In one such specific illustrative fuel cell, a submicrometer-thick gas permeable ionically conducting electrolytic membrane made of pseudoboehmite is deposited on an electrode that comprises a platinized impermeable substrate. A layer of platinum, for example, is deposited on the top surface of the membrane to form the other electrode of the fuel cell, which electrode is porous enough to allow the gas mixture to pass into the membrane. In a hydrogen/air mixture, such a fuel cell provides useful current at an output voltage as large as about one volt. While the voltage and current provided by the basic fuel cell are adequate for many applications of practical interest, I recognized that it would be desirable to devise a compact source of hydrogen for this and other fuel cells especially for portable electronic device applications, such as laptop computers and mobile phones. A suitable combination of a fuel cell with a lightweight, low volume source of hydrogen, could provide an improved source of power for portable electronic applications compared with batteries.
Several chemical hydride materials, with a high hydrogen content, react with water to yield hydrogen. The combined weight and volume of a chemical hydride and the water necessary to react with it to make hydrogen for use in a fuel cell, is termed the “specific energy” content of the fuel, which is normally measured in terms of Watt-hours (energy content) divided by the weight or volume of the chemical hydride plus its needed reactant water. Hence Watt-hours per kilogram or Watt-hours per liter are examples of the specific energy of a fuel for a fuel cell. In a portable application, a fuel cell with its fuel, termed a fuel cell system, would benefit from the use of a high specific energy fuel which would thereby reduce the carrying weight and volume of the fuel cell system.
I recognized that since a fuel cell produces water as a by-product during the normal course of its power-generating operation, a fuel cell that can use this by-product water as the reactant with a chemical hydride fuel would be advantageous in raising the specific energy of a fuel cell system by eliminating the need to carry additional water. Only one reactant, the chemical hydride, would then need to be carried in the fuel cell system. I recognized that fuel cells that could tolerate air mixed with their fuel supply would particularly benefit from such a method of generating hydrogen. I also recognized that a chemical means of control of the rate of hydrogen generation in such a fuel cell system would be advantageous. I further recognized that a portable fuel cell system would benefit from a means to collect the water produced during normal production of electrical energy to avoid wetness and flooding in the vicinity of the operating fuel cell.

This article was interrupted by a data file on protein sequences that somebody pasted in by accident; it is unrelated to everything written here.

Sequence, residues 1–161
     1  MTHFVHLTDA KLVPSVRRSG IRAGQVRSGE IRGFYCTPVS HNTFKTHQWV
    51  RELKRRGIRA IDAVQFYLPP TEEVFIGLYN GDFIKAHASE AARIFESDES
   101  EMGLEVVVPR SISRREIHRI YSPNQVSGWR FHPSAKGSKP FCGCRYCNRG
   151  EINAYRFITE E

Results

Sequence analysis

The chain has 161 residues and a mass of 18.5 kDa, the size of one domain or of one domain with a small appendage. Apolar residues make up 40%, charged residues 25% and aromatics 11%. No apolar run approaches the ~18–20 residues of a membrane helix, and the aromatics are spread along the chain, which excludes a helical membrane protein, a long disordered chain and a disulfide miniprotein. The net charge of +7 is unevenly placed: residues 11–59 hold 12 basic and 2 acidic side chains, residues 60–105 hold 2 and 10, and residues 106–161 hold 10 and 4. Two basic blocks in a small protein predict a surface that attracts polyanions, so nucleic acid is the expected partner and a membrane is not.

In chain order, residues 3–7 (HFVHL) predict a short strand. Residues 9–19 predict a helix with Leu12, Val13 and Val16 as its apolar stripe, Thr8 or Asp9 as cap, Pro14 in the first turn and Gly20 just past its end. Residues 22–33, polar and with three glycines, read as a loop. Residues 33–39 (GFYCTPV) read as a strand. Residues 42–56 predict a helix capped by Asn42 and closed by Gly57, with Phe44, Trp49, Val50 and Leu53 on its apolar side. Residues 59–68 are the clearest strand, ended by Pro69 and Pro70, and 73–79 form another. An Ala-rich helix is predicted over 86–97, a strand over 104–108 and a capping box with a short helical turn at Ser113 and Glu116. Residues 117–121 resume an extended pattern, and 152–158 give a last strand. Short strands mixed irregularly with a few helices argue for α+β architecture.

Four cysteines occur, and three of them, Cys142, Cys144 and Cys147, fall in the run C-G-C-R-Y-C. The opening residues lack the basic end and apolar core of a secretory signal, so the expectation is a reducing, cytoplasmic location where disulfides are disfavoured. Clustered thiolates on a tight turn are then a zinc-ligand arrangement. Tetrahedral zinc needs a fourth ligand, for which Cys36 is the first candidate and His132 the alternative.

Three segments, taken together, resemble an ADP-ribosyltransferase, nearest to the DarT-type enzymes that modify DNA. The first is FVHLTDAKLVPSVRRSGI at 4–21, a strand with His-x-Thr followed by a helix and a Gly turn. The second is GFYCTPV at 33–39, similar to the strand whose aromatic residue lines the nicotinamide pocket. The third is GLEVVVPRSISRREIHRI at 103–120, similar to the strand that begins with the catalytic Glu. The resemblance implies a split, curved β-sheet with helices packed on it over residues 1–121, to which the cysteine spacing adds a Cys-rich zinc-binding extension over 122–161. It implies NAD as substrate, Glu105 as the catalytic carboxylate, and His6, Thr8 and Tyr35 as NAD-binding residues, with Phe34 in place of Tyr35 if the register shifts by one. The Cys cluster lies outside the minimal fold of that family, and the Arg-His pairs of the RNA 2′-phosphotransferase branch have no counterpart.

The present invention implements operation of a fuel cell with hydrogen fuel derived from the reaction of a chemical fuel, such as a chemical hydride, with the by-product water from the fuel cell. Integration of this fueling means with a suitable fuel cell constitutes a device, termed a fuel cell system, which is characterized in that it only requires an external supply of oxygen or air and has a higher specific energy density than a fuel cell system that requires a separate or additional source of water. By internally utilizing the fuel cell's own water output, the present invention improves the performance, control and safety of a fuel cell system in which a fuel cell is coupled to the fuel supply consistent with the principles of the invention. The improved performance of the device is characterized by a higher specific energy content, as measured by weight and volume. This improvement is achieved by elimination of the need to include additional water for reaction with a chemical hydride to produce hydrogen.
An additional advantage of the present invention is that it controls the rate of hydrogen generation by controlling the water supply to the chemical hydride. The water supply available for reaction with the chemical fuel containing hydrogen is controlled by the electrical energy demanded. In the present invention, a fuel cell that produces water vapor during the course of its operation is coupled to a suitable chemical hydride, which is defined as a hydrogen-containing fuel that reacts with water vapor to produce hydrogen gas under the same ambient conditions as the fuel cell and does not need a separate source of water other than supplied by the fuel cell. In the present invention, the water vapor from the fuel cell exhaust is directed towards a container containing the suitable chemical hydride material where it reacts to form hydrogen, which is then delivered to the anode of a fuel cell to sustain the electrical energy production.